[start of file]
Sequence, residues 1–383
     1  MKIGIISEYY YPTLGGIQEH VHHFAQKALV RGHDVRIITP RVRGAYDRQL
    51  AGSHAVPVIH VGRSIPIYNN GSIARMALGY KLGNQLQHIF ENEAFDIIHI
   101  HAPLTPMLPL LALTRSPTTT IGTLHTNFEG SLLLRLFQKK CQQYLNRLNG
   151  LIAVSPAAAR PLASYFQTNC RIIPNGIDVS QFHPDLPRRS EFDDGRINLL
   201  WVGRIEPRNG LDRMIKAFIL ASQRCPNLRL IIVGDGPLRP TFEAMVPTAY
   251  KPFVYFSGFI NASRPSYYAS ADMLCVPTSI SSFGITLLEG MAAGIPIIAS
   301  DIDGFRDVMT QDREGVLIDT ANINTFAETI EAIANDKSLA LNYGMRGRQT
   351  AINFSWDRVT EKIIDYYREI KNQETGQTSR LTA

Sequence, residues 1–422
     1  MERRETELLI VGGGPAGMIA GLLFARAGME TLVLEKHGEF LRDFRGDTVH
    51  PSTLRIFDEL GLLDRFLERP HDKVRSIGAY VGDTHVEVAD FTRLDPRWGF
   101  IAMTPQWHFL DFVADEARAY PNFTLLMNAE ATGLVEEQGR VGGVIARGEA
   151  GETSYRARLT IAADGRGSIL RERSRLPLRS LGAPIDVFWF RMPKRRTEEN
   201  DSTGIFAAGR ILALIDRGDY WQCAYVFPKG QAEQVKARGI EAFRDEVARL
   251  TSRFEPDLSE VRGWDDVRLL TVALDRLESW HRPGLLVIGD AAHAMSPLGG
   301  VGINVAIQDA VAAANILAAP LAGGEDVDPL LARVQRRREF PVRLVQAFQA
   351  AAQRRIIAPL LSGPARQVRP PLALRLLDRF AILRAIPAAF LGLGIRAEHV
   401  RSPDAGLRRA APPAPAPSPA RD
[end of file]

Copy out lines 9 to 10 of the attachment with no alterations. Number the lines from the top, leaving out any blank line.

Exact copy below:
   351  AINFSWDRVT EKIIDYYREI KNQETGQTSR LTA

Sequence, residues 1–422